Written by Kimberly Miller, Palm Beach Post, 2007
A new policy at Palm Beach Atlantic University gives staffers more time to volunteer for their favorite charities without losing wages.
The program, called "extending hands," allows full-time employees of the small Christian university to take up to three days' paid leave a year for volunteer work.
"We've been given so much and have a really wonderful place to work and here's an opportunity for us to reach out to the community," said PBAU President David Clark. "It's our way of saying we want to endorse and encourage people to volunteer."
The university in downtown West Palm Beach has long had a requirement for students to complete 45 hours of volunteer work each year as a prerequisite for graduation.
The student effort is called "workship," a combination of volunteerism and worship. Over the years, PBAU, which enrolls 3,200 students, has amassed 2 million student volunteer hours.
Students' educational experience is enhanced by the volunteer work, which can take them to local nonprofit organizations, their own churches or on school-directed overseas trips to third-world countries, Clark said.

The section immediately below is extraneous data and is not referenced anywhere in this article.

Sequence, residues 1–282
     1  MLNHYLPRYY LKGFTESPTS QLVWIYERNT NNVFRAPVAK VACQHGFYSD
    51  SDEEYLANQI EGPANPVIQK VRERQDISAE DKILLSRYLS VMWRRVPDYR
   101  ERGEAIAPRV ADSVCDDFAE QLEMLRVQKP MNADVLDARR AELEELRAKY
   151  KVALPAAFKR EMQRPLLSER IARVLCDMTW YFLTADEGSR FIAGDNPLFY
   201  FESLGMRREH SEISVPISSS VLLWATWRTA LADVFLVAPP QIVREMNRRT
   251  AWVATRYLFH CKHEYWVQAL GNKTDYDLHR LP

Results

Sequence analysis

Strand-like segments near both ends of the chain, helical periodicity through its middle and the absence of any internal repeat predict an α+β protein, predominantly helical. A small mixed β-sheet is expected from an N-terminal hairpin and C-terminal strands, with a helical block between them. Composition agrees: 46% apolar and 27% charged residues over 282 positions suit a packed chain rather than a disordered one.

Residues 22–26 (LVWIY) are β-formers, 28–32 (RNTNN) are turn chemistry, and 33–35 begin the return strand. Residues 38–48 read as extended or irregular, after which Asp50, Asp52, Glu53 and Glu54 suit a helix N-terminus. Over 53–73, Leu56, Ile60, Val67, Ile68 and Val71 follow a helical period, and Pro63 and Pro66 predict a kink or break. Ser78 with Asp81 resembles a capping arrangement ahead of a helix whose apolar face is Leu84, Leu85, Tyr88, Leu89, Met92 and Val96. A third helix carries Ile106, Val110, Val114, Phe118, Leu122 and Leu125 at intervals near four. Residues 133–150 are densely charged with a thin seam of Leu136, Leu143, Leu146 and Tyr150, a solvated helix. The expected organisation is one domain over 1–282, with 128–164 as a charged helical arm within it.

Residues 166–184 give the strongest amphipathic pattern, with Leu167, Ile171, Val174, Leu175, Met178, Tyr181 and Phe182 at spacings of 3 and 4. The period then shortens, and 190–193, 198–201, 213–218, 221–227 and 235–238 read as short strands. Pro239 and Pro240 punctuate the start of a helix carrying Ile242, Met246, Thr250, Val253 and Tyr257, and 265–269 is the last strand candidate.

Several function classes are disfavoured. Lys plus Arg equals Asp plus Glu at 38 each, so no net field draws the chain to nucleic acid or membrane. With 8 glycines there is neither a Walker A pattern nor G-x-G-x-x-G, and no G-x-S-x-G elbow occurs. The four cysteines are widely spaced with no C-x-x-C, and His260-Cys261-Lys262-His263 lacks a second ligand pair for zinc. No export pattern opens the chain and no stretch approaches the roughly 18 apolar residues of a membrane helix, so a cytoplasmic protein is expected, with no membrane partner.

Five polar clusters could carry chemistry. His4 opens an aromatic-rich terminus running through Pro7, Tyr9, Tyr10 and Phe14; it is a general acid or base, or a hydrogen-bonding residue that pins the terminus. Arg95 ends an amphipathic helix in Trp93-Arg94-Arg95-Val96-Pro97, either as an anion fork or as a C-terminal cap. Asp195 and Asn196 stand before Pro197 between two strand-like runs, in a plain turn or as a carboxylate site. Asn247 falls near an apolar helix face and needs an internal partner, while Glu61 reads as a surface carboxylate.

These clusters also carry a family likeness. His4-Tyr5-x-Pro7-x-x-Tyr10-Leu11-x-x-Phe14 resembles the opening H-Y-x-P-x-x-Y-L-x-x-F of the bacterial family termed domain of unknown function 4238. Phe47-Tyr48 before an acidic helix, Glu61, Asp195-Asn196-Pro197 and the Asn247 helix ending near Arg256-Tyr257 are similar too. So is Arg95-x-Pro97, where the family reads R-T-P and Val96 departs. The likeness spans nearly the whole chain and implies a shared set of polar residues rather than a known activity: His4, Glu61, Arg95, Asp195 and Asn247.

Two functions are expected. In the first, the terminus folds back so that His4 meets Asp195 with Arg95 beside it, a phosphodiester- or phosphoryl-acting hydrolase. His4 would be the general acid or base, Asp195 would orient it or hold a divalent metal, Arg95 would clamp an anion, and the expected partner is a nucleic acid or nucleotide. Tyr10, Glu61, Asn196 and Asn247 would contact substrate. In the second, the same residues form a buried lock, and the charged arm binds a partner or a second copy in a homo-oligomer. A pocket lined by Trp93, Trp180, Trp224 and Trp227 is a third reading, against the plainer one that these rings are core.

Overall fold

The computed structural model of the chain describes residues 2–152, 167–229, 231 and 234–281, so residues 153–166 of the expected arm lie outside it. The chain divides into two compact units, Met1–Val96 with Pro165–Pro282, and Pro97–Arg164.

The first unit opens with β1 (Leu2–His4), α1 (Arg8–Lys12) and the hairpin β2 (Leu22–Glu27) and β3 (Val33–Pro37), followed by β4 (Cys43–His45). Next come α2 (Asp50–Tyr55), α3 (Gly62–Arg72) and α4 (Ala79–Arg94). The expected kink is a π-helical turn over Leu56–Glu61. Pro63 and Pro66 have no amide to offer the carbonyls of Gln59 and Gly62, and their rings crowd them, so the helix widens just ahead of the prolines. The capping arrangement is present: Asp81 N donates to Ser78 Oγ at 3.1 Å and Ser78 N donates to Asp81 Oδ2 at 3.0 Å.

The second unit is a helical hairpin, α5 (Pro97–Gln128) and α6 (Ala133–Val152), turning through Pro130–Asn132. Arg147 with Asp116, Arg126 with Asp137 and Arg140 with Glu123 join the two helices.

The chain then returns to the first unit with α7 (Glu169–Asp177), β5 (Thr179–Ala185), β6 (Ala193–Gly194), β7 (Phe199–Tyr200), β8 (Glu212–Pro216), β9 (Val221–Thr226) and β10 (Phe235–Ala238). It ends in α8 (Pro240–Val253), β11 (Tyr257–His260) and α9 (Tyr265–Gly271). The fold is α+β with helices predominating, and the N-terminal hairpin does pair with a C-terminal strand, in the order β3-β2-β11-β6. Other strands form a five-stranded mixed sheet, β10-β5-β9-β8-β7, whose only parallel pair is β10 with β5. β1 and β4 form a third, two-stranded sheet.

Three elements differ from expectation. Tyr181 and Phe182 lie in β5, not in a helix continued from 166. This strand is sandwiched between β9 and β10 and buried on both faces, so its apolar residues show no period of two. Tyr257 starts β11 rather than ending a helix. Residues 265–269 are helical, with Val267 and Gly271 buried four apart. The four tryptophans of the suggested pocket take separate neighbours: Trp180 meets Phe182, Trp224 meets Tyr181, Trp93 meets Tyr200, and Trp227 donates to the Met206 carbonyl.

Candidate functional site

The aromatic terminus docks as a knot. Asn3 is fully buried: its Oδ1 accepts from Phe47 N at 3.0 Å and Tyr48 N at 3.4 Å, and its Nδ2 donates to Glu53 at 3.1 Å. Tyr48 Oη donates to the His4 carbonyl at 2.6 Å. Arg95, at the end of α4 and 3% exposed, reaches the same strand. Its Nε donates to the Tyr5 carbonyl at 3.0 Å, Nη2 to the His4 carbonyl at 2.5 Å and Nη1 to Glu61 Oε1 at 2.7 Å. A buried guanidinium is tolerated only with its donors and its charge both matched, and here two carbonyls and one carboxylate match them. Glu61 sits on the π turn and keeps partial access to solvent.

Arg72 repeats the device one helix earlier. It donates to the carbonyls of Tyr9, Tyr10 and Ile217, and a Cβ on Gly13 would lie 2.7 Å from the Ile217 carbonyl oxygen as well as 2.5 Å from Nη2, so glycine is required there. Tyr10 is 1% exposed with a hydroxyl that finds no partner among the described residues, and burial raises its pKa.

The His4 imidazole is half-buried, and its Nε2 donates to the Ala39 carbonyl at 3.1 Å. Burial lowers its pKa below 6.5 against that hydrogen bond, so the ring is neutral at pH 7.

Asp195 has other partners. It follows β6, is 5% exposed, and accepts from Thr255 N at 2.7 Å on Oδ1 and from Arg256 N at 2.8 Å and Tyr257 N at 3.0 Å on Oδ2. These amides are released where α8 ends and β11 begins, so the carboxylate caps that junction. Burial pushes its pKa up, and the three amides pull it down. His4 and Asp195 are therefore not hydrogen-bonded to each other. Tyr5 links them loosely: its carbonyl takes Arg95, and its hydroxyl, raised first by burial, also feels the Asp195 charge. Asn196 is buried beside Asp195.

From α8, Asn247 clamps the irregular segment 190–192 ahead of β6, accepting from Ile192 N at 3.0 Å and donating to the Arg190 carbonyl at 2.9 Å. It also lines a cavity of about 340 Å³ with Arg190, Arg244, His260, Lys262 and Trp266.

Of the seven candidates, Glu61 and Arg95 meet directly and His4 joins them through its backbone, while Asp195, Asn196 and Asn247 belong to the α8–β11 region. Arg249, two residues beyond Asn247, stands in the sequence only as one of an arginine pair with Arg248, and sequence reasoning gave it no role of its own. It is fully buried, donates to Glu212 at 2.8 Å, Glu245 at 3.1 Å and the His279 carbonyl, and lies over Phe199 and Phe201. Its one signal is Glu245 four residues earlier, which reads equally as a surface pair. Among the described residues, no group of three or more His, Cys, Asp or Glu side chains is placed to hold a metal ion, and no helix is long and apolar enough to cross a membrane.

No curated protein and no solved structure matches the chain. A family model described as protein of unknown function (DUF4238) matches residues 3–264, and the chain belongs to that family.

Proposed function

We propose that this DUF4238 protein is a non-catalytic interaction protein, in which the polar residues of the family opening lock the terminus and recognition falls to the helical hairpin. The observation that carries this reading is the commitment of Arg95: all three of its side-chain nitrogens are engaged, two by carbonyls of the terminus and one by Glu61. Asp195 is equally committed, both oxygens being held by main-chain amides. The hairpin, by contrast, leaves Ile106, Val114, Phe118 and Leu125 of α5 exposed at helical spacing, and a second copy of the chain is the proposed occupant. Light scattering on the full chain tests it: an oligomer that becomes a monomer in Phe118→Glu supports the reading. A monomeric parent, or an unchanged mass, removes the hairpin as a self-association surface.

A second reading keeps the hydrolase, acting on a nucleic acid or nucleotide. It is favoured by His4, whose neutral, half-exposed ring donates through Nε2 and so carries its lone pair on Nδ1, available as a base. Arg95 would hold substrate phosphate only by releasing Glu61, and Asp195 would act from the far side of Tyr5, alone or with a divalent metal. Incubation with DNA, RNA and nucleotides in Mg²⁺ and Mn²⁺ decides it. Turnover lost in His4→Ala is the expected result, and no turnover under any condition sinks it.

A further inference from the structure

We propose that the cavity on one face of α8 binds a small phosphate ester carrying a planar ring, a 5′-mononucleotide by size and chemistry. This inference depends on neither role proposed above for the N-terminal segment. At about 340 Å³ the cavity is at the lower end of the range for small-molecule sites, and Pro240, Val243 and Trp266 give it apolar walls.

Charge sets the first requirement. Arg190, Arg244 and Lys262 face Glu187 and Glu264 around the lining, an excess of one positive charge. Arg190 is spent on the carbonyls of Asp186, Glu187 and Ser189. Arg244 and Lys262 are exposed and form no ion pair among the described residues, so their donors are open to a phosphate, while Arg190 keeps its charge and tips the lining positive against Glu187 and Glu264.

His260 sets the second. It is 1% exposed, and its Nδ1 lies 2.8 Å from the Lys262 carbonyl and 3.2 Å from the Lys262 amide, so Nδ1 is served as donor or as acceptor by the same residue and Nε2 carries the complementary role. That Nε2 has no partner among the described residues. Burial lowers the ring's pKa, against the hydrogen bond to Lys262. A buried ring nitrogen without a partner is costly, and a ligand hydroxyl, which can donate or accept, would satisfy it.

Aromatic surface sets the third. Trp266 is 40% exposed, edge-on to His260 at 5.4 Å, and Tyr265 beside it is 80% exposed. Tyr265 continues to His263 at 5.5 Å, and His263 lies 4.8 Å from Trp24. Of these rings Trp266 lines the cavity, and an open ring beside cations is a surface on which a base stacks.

"It's a life-changing experience for our students," Clark said. "A lot of them are middle and upper-middle class kids, and this is a wake-up call."
Clark hopes the new policy for employees, which started this fall, will have similar affects.
Last year, PBAU assistant athletic director Daniela Laboy, spent a week in Honduras helping organize an international conference for her church.
But she used her vacation time to do it.
This year, under PBAU's new volunteer policy, she took three paid days to work for a similar conference in West Palm Beach.
"It was a big blessing that I was able to participate and get paid," Laboy said. "It provides another opportunity for us to share the love of the Lord with the community."
Married couple Eric and Patty Lowdermilk used their three days in October, traveling to Haiti to teach a marriage class to local pastors and their wives.
They stayed in a hotel with spotty electricity, and Patty got sick, but they were happy with the experience and the chance to have it without taking vacation days.
"For me, this removes a significant obstacle to volunteering," said Eric, the university's student accountability director. "You know you work for an employer who believes in this and puts their money where their mouth is."
Employees must have their volunteer work approved before receiving the three paid days. Six people have used the new volunteer program so far.
Clark said he doesn't know how much the program will cost the university, but he believes it is worth it.
"We encourage our students to be givers and we need to encourage our staff to be givers as well," he said.